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Boots’ parent company attributes losses to ‘worsening’ UK market

The UK’s lockdown measures were blamed for the financial impact on the business
The UK’s lockdown measures were blamed for the financial impact on the business

Boots' parent company has put a $1.6 billion (£1.3bn) operating loss primarily down to “deteriorated business conditions” in the UK market, including the impact of COVID-19.

The $1.6 billion (£1.3bn) operating loss for March-May this year compares to an operating income of $1.2bn (£940 million) for the same quarter a year ago, Walgreens Boots Alliance said in its latest financial report, published yesterday (July 9).

This drop is “mainly due to the no-cash impairment charges of $2 billion (£1.6bn) in Boots UK”, the company said, explaining that the worsening business conditions in the UK includes “the adverse impact of COVID-19 and resulting future uncertainty”.

It added that the UK is the market that has seen the “most significant COVID-19 impact”.

Lower footfall

The international retail pharmacy division – which includes Boots UK – saw sales of $1.9 billion (£1.5bn) between March and May, a 26% decrease on a constant currency basis. This drop was “mainly due to a 28% decrease in Boots UK sales as foot traffic in stores was severely disrupted by COVID-19 restrictions”, the company said.

Adjusted operating income for the division decreased by $308m (£240m), to an adjusted operating loss of $143m, (£113m). for March-May. This is a 192% drop compared to the $165m (£129m) adjusted operating income for the same period in 2019.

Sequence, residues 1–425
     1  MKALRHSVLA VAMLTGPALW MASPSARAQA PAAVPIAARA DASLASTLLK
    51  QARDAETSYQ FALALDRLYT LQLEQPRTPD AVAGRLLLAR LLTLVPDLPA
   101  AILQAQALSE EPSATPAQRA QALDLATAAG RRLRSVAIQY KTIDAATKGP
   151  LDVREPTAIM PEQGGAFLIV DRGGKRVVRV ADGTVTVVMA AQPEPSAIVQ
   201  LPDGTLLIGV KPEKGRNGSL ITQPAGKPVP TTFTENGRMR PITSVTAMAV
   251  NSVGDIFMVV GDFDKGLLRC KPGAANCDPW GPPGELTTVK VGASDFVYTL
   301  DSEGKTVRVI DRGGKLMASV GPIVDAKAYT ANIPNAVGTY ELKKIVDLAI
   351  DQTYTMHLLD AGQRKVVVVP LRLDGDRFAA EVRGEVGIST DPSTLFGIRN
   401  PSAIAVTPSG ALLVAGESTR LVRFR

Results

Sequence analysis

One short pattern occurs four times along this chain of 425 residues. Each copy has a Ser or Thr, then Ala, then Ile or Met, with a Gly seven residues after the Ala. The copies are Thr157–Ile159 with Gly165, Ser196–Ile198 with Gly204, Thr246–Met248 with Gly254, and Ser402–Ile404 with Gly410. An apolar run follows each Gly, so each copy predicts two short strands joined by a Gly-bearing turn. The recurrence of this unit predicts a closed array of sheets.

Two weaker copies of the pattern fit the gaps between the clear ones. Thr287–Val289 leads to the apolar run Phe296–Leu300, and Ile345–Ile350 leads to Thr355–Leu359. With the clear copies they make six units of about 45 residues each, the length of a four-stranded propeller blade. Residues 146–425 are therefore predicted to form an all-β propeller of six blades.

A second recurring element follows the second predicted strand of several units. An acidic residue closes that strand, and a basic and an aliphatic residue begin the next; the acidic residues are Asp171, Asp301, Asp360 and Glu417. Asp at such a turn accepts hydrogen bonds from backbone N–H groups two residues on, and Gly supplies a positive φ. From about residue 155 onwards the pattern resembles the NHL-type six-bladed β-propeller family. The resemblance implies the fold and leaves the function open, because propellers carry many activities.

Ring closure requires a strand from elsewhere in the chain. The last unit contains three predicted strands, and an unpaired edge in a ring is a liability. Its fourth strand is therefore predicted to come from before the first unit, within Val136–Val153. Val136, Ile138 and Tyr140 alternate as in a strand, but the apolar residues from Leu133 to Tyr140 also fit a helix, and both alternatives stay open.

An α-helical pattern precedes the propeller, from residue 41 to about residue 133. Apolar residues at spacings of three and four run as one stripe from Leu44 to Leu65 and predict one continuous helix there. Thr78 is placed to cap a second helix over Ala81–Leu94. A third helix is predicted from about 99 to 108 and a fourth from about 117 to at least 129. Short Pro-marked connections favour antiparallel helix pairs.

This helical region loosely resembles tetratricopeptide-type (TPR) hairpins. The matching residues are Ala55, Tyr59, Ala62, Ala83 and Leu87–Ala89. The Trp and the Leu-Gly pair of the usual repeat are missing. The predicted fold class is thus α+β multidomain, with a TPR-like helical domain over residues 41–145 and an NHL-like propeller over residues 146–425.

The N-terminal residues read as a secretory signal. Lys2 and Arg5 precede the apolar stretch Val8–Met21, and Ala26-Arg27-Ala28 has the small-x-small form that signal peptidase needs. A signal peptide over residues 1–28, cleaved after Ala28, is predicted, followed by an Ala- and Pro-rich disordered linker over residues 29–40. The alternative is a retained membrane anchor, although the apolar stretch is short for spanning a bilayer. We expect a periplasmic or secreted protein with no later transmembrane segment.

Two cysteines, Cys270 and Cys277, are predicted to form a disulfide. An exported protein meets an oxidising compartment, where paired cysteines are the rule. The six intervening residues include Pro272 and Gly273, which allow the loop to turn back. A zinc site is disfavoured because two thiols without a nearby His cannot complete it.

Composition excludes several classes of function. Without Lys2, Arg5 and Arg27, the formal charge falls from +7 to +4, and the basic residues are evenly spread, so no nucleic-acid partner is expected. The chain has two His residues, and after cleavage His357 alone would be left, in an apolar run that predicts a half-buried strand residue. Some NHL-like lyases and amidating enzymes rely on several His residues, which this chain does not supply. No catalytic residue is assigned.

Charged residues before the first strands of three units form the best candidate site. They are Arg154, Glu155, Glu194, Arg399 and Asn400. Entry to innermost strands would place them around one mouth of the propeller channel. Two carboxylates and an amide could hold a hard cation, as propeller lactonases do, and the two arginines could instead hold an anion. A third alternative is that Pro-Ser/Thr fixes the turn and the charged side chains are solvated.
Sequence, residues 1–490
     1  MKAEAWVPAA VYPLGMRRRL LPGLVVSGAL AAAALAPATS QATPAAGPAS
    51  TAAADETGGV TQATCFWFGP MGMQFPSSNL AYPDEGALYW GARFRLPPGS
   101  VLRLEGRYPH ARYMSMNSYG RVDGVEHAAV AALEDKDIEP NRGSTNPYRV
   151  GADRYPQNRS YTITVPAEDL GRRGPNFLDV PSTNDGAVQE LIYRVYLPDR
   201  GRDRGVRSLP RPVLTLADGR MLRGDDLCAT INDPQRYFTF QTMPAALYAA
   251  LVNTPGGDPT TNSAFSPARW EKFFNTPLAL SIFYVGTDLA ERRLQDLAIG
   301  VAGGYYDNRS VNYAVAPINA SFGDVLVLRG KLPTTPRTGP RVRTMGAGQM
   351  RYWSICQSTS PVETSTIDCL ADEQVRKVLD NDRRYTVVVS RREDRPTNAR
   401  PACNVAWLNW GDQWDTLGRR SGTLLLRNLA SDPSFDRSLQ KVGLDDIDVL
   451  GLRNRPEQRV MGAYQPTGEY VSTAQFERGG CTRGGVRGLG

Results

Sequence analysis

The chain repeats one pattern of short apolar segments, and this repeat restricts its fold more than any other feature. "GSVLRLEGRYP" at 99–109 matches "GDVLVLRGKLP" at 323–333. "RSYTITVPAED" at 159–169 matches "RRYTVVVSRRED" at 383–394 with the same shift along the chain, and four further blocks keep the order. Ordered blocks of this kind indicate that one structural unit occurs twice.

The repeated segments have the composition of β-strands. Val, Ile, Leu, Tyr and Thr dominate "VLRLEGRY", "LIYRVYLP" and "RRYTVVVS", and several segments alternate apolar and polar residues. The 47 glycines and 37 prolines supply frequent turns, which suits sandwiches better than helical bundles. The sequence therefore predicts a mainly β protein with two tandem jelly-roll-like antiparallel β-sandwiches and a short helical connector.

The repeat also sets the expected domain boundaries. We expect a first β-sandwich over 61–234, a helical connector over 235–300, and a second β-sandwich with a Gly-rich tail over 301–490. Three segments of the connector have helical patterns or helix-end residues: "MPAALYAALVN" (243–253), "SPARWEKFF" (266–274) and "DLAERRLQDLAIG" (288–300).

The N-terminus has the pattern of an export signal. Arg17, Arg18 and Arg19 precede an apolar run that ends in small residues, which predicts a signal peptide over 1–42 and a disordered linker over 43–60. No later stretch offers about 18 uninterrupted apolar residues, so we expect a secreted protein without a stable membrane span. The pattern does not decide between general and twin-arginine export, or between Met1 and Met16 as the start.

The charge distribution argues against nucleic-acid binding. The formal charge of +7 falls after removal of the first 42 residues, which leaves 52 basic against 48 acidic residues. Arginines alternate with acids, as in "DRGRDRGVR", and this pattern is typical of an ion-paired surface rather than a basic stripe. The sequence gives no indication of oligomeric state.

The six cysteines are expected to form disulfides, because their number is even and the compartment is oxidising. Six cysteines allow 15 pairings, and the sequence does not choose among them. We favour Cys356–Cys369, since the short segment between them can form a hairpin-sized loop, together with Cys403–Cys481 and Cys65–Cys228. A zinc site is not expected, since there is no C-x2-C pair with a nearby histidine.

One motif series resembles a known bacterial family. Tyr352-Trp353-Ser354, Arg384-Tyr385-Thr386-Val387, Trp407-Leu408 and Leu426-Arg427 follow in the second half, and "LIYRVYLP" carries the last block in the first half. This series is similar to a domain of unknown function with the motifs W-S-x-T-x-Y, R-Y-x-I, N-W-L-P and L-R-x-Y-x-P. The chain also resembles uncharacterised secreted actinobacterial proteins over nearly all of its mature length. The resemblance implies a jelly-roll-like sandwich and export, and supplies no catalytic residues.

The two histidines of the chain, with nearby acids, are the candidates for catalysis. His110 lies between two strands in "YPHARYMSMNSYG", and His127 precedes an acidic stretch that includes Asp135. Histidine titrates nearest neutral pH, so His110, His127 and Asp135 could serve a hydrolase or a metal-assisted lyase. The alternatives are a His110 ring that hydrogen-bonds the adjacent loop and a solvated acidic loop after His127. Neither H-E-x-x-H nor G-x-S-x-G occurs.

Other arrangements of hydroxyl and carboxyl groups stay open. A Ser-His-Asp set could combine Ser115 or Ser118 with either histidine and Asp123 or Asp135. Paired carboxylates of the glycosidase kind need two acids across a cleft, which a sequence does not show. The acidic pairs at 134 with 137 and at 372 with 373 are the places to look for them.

Adjusted gross profit decreased 36%, on a constant currency basis, reflecting “lower retail sales in Boots UK and lower retail gross margin, largely due to supply chain costs.”

Earlier this year, Walgreens Boots Alliance attributed a 2.5% drop in adjusted gross profit for December 2019-February 2020 to “lower retail sales and margin” in its UK pharmacies

Lockdown measures affect sales

Comparable retail sales for Boots UK decreased 48%, as “lockdown measures impacted high streets and shopping centers and compelled consumers to consolidate shopping into grocers”, the company said.

However, this decrease was “partially offset by a 78% rise in sales, as the pandemic restrictions boosted online sales”, the company said.

Comparable Boots UK pharmacy sales decreased 1% on a constant currency basis, “reflecting lower prescription volume and reduced demand for services during the pandemic, mitigated in part by timing on NHS reimbursement”.

The estimated adverse COVID-19 impact on adjusted operating income for the international retail pharmacy division was $365m-$390m (£284m-£304m).

Wholesale sales rise

Meanwhile, the company’s pharmaceutical wholesale division – which includes Alliance Healthcare in the UK – saw sales increase by 5.3% on a constant currency basis compared with the same period last year, “led by the UK and Germany”, Walgreens Boots Alliance said.